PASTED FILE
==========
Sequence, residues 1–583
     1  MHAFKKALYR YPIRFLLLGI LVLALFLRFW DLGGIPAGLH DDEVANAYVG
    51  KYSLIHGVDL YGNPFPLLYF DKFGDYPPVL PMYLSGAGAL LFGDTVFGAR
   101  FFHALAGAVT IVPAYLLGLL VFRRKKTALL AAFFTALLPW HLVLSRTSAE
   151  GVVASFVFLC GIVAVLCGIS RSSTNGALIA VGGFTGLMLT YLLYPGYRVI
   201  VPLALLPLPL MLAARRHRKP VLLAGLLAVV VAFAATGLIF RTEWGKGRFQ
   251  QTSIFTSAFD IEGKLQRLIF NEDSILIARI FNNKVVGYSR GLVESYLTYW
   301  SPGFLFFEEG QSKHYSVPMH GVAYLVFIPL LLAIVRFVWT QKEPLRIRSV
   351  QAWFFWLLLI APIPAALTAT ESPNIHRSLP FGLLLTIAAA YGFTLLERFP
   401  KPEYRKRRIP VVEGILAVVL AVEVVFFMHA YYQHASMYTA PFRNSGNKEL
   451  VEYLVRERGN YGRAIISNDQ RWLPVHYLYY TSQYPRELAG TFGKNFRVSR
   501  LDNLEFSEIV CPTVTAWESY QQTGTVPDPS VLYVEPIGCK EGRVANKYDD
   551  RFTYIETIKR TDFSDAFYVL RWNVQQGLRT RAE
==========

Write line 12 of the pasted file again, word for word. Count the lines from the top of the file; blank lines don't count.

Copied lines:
   501  LDNLEFSEIV CPTVTAWESY QQTGTVPDPS VLYVEPIGCK EGRVANKYDD